LAWRENCE — In their day, the municipal bathhouses on the northern bank of the Merrimack River were where Lawrence kids flocked to kick off their summer vacation.
For nearly two decades, the wooden structures anchored in the water and connected by a wharf to the land just above the Great Stone Dam offered free swimming and relief from hot and humid days.
But that era of local history ended tragically 100 years ago today when part of the runway to “No. 1 Bathhouse” collapsed and 11 children drowned in the city’s deadliest river disaster.
School was out and it was the opening day for the bathhouse, with the July 4 holiday less than a week away. Kids crowded onto runway to the entrance of the bathhouse, waiting for attendant William Blythe to return from his afternoon meal. As he approached the gate about 2 p.m. to open it, there was a mad rush, with excited children jumping up and down. Suddenly, the runway gave out, sending several dozen kids into the river.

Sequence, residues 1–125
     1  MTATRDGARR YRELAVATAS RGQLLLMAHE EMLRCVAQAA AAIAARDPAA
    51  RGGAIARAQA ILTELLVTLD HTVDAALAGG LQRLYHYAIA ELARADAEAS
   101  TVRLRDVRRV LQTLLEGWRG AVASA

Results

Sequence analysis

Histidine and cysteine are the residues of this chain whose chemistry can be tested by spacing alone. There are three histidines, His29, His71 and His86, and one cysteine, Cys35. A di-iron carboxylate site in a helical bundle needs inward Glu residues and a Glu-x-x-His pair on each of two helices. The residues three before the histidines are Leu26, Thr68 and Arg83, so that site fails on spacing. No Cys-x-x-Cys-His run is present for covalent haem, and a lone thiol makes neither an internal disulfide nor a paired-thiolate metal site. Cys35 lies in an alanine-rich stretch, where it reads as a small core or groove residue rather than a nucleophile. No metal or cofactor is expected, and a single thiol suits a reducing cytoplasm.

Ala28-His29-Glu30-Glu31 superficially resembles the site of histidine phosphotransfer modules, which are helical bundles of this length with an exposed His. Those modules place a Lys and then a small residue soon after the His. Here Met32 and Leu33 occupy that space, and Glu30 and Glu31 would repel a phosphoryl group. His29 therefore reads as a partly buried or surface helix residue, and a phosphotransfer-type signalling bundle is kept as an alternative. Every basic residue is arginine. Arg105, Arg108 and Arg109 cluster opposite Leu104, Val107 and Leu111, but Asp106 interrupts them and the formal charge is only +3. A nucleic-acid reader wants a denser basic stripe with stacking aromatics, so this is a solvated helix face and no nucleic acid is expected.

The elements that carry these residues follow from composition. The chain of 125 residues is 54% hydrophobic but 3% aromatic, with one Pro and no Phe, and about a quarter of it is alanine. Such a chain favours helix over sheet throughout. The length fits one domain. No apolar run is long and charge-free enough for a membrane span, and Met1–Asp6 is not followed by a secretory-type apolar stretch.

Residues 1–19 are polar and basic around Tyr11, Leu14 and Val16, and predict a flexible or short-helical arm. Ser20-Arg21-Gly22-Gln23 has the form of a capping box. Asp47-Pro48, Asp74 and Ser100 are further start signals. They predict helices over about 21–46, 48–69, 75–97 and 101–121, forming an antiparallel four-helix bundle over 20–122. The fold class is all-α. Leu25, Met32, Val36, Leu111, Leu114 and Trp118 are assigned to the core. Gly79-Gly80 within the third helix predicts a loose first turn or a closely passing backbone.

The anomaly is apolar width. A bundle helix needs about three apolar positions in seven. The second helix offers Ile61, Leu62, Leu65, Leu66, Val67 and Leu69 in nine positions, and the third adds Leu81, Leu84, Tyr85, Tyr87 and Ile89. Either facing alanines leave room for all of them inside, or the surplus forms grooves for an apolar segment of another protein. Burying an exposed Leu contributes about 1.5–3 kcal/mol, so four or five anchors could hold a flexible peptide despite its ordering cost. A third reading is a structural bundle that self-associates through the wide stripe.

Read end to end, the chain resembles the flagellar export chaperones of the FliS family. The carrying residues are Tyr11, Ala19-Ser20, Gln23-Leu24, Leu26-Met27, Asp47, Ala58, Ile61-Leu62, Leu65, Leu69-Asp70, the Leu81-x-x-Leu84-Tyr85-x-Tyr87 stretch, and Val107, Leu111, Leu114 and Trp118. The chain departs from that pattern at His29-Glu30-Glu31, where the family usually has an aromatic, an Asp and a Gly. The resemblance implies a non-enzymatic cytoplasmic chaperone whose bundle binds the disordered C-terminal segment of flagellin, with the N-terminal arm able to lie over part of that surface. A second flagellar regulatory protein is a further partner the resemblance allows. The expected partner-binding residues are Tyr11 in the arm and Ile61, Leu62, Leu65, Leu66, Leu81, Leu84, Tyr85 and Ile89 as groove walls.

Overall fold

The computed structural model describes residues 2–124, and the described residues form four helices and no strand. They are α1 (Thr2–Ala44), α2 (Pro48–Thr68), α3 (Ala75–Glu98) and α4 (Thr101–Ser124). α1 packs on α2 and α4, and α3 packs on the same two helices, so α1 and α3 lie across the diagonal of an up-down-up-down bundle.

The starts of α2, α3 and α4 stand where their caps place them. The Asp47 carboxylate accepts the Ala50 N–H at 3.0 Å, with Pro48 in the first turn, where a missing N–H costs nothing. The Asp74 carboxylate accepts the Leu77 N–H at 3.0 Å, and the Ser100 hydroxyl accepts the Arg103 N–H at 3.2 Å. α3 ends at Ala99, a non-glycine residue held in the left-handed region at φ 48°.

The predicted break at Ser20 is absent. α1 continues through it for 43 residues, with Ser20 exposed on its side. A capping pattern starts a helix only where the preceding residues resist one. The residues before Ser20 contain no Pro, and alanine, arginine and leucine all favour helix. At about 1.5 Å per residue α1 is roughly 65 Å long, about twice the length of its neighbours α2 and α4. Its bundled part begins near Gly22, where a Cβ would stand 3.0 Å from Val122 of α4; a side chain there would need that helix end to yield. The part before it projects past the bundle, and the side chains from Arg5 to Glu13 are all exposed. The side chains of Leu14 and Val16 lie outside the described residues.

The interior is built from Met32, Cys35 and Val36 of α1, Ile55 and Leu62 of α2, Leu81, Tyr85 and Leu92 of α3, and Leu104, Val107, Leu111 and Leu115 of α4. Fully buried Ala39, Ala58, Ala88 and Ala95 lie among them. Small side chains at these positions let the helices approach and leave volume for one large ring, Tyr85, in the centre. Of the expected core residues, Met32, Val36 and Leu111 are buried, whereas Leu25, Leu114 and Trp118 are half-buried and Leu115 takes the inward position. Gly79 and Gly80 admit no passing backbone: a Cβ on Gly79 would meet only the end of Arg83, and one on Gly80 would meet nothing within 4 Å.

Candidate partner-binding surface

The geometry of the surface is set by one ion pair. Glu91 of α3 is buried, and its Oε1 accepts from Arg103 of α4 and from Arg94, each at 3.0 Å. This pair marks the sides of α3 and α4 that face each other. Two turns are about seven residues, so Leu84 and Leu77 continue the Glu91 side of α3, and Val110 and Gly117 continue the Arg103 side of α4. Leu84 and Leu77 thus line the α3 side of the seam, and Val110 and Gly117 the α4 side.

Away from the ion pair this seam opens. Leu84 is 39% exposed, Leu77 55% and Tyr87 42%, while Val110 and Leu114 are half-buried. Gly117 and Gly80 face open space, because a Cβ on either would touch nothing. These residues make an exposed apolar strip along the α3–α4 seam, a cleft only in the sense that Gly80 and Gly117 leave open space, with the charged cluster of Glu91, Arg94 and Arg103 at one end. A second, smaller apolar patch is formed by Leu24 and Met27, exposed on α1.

“All Lawrence today mourns the sudden loss of Some (of) her unusually sunny faced children – the eleven boys whose lives were quickly cut off by the silent waters of the Merrimack yesterday afternoon when they were about to enter a place where they could swim and frolic in safety,” began the lead front page story in the July 1, 1913 edition of The Evening Tribune.
“Many happy homes were made silent and sorrowful by the catastrophe that has fallen, the worst in the history of the city since the fall of the Pemberton mills. With her flags at half-mast and her people offering condolences, Lawrence publicly declares her sorrow but her well meaning efforts to soothe the feelings of the bereaved parents will never fill the places vacated by the sudden visit of the Grim Reaper nor atone the loss of her future citizens,” the article continued.